I recently attended the 5th Wine Industry Technology Symposium in Napa. There was much discussion about social media, which was also the case at the February Oregon Wine Symposium. Social media can be a useful form of communication to engage customers, inform them of special events and winery news, and monitor what's being said about your brand. In short, it's a communication tactic and can be an important part of an overall marketing strategy.
But as Robert Celsi, Vice President of Corporate Services for Trinchero Family Estates, reminded us during his panel on the three-tier system, there is still a great need for "shoe leather". Social media is a form of communication and engagement, not a direct method for selling wine, especially within the current system. Any winery owner or operator who thinks Twittering and Facebooking alone is the magic bullet will be sorely disappointed. When formulating a social media approach, it is critical to determine the winery's goals and devise a strategy that makes sense for the brand given target audience and positioning.
One of my favorite presentations was given by Dan Michael, Marketing Director for Consumer Direct Sales at E & J Gallo, as part of a panel on "Consumer Direct Metrics, Benchmarking & Best Practices". Michael pointed out that keys to success for a winery looking to manage its consumer relationships can be found in a great marriage. And that long-term engagement and loyalty are what we should strive for, not merely a visit, purchase, sign up or club registration. Below is a summary of his thoughts from the winery consumer's perspective:
1. Acknowledge commitment
2. Keep your brand promises
3. Know what I like
4. Surprise me
5. Celebrate anniversary
6. Listen and communicate
7. “Don’t forget who party is for”
In the first step, you're thanking your new consumer for establishing this relationship of trust, which is important because commitment leads to loyalty. Examples of doing this include hand-written cards, thank you emails, personal phone calls, etc. The second step involves holding up the winery's end of the bargain, or better yet, over-delivering on service expectations. (We want to be married to the person we chose for the wedding day, not someone who has gone down hill in time.)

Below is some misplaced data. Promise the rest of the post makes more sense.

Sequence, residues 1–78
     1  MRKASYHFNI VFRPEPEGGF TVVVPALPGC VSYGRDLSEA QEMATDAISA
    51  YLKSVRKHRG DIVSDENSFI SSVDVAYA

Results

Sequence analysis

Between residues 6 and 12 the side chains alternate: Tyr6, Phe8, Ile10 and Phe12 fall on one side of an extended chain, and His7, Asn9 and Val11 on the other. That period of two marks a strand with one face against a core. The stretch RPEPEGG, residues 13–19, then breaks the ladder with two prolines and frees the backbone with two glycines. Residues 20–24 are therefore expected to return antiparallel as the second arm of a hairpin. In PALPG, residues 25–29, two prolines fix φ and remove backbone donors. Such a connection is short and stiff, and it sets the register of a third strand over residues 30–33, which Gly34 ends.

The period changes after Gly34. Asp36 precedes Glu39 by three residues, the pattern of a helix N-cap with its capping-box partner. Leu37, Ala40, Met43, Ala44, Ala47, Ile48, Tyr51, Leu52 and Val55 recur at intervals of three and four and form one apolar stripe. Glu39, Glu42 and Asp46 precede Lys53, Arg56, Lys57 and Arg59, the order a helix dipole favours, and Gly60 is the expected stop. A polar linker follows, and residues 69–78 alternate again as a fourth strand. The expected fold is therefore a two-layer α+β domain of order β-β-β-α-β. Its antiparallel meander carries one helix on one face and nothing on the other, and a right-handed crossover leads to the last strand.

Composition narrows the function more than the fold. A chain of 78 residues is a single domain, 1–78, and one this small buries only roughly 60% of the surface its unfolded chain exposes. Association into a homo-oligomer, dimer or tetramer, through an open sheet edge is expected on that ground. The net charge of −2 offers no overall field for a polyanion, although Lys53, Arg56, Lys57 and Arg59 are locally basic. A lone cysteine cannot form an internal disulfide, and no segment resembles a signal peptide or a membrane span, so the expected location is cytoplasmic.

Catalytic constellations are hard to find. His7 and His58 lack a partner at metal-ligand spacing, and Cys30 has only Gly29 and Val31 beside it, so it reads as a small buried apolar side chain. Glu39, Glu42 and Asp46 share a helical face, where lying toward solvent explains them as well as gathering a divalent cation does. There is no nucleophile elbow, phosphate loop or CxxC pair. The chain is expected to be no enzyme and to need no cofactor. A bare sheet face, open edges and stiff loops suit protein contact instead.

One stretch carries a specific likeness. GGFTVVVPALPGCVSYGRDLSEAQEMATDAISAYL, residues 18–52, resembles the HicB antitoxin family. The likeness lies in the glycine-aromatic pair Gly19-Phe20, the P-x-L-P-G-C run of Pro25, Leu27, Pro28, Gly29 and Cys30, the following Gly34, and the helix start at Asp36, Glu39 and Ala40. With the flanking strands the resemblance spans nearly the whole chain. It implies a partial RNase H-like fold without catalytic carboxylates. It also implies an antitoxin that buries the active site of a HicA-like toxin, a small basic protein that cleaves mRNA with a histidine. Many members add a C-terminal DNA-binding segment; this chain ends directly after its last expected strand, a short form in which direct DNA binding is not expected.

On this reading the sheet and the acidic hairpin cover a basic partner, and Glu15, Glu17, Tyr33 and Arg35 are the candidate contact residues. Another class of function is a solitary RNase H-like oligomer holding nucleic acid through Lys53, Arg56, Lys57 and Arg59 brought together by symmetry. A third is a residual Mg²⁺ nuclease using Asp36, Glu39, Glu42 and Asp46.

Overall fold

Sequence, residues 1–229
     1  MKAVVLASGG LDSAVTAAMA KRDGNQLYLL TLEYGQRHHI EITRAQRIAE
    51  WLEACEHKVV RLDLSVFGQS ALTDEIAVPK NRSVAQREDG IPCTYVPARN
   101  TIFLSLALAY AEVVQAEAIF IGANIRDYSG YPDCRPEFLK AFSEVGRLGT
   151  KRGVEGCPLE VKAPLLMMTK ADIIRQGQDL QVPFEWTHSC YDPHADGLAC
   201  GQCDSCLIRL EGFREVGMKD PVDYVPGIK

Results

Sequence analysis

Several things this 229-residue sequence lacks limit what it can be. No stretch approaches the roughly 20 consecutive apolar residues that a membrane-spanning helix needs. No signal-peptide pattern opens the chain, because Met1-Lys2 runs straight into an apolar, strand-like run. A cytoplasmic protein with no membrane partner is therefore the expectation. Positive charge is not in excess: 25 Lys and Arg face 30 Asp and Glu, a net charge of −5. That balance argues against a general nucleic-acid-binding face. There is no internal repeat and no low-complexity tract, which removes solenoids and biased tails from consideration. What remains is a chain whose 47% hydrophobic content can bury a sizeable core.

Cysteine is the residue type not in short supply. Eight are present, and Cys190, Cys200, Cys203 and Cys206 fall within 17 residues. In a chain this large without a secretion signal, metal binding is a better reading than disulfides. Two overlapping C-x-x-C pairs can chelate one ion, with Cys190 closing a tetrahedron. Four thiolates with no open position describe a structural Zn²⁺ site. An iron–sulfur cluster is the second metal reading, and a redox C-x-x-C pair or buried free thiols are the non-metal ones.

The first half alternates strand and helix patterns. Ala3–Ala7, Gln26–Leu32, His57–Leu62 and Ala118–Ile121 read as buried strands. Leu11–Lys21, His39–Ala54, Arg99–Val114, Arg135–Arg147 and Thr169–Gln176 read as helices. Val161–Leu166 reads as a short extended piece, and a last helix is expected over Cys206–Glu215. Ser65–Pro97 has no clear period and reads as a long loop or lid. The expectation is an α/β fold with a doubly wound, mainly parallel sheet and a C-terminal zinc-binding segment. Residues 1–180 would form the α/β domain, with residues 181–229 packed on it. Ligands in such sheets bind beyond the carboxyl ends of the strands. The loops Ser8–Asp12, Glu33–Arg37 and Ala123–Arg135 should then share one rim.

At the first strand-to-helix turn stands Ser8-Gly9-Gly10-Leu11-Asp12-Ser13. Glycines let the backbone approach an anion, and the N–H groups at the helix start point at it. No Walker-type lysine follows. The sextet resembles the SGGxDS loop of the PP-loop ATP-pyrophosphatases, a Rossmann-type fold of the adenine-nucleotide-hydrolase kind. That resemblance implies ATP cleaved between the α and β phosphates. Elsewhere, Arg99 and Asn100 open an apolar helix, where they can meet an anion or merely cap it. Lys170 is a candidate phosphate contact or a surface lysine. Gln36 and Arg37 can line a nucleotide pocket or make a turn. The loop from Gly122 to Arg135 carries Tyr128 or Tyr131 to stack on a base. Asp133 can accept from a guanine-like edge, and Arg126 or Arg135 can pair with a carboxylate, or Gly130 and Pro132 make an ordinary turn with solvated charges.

Number three involves customization, where as step four is about customer delight. To customize -- i.e., substitute when you're sending Sauv Blanc because Mr. X doesn't like the variety, you have to be able to track preferences, which usually requires an investment in software. To delight, you must be willing to personalize, "go the extra mile" and deliver the unexpected.
Step five again acknowledges commitment and thanks the customer for remaining true -- by this time loyalty can either be established or waning. Number six relates back to customization, personalization and delighting, and also involves taking care of any problems immediately. The final step means that you continue to look outward toward meeting and exceeding your customers' needs, not simply getting what you want (a sale).
Michael's "Don't forget who the party is for" also well relates to a thought I kept having during the WITS presentations: our valued consumers have lives outside of wines (even if we don't), and we can't forget that. We all know it has to be delicious, but we must remender that it needs to be fun. Consumers are coming to us to help commemorate, celebrate, relax and live welll When your winery experience detracts from that, you're at your most vulnerable.
On Tuesday I had the pleasure of being interviewed by Laura Lawson of WineCrush radio. We discussed my June 2009 article for Wines & Vines regarding common mistakes new wineries make. Click here to listen her show. This episode also features Rob McMillan of Silicon Valley Bank.